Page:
3D Comp

Destination: Alphabet Soup (Invisible Architecture)

When I saw the letters hanging out above me walking through the hallway, I knew this could be a fun project to work on. Being able to create a lot of different letters would give me the freedom to decide everything from the alignment of the letters to whether or not they spelled out any new words.

Here is the original sketch I created for this project. I wanted to use every letters and scatter them haphazardly around the wall like a big bowl of alphabet soup.

foam-core-sketch

I faced a lot of problems when working with the foam core, mainly when it came to slicing small curves on the rounded letters. As soon as I realized how difficult it would be, I considered whether or not I had the time to worry about it. The answer was no, of course, seeing as I had only been able to start working on it at 12:00 am. So I eliminated all rounded letters from my selection, therefore limiting the words I could spell out to things like “MILK,” or “YAWN.” That wasn’t exactly what I was going for, so I decided that spelling out new words with my letters was off the board.

Originally, I had wanted to make enough letters to cover a large portion of the wall, or at least to entirely surround the preexisting letters. Unfortunately, due to time constraints, I only managed to produce 33. This limited my design choices in a significant way. If I had been able to create more, I might have been able to create certain effects of motion with the placements of each individual piece, but with so few, I had to determine what the best way to create balance was. This  led me to place an almost even amount of letters on either side of the original sign, and to tilt the letters as opposed to orienting them in a linear fashion.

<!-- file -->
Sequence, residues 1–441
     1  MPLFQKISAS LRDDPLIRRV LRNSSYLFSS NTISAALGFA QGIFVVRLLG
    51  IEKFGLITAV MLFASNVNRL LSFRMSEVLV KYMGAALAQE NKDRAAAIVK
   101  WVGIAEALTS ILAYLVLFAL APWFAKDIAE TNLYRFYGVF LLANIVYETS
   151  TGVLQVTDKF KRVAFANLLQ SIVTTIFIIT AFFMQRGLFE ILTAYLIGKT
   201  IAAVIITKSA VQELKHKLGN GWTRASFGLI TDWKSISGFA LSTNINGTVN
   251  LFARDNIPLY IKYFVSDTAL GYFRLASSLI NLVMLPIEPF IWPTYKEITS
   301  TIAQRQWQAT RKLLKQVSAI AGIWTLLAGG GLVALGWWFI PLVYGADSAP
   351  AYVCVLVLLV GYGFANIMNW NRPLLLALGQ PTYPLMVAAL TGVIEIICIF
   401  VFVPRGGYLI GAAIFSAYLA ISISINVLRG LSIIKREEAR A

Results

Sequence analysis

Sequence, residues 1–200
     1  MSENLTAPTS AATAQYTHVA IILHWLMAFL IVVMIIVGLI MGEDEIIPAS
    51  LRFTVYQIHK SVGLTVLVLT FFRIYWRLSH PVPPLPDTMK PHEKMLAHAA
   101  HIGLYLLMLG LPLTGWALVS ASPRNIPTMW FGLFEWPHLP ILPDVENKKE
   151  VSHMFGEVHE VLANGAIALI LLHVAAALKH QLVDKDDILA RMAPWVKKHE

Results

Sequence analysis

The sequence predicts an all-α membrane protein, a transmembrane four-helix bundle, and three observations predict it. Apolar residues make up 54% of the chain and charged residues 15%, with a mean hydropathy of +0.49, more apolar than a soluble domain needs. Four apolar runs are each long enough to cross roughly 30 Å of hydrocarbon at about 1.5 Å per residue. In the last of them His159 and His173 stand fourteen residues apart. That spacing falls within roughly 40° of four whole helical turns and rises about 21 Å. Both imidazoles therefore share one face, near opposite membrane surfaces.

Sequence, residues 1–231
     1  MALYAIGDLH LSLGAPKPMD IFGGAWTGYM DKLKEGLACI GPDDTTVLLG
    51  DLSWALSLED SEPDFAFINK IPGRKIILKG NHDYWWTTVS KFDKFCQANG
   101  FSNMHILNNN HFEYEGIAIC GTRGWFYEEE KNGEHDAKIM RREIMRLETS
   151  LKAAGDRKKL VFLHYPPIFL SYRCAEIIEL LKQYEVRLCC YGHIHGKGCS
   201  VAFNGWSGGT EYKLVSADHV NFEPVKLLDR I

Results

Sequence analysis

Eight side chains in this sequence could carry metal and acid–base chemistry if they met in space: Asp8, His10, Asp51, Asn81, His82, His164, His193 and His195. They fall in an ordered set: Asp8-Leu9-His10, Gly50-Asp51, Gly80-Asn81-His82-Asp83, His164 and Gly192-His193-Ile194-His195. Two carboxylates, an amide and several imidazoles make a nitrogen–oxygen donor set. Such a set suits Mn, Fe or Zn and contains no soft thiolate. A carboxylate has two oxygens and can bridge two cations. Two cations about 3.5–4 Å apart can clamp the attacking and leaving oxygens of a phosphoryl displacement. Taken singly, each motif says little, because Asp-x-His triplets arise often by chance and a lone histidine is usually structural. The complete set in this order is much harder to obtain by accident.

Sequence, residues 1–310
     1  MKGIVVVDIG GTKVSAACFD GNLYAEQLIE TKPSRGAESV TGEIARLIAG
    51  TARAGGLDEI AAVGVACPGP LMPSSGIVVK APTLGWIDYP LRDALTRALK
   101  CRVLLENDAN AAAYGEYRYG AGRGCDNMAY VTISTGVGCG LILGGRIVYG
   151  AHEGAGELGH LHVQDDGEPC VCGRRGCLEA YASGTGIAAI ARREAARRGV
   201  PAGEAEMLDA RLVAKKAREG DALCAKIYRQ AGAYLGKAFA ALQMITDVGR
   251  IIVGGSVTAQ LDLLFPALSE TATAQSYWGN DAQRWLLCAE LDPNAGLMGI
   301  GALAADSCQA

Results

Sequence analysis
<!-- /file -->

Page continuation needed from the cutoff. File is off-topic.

Overall I am content with the end result. If my choices were simple, I did execute them with accuracy, and each letter is clean cut to the exact dimensions it is meant to replicate. If I had more time, I would definitely do more to expand my list of options, but maybe it was to my advantage that I ran into problems. Maybe that allowed me to edit when I would have had difficulty doing so with an endless list of artistic decisions to make. Some mistakes are happy mistakes, and I suppose some problems can be convenient in the long run.

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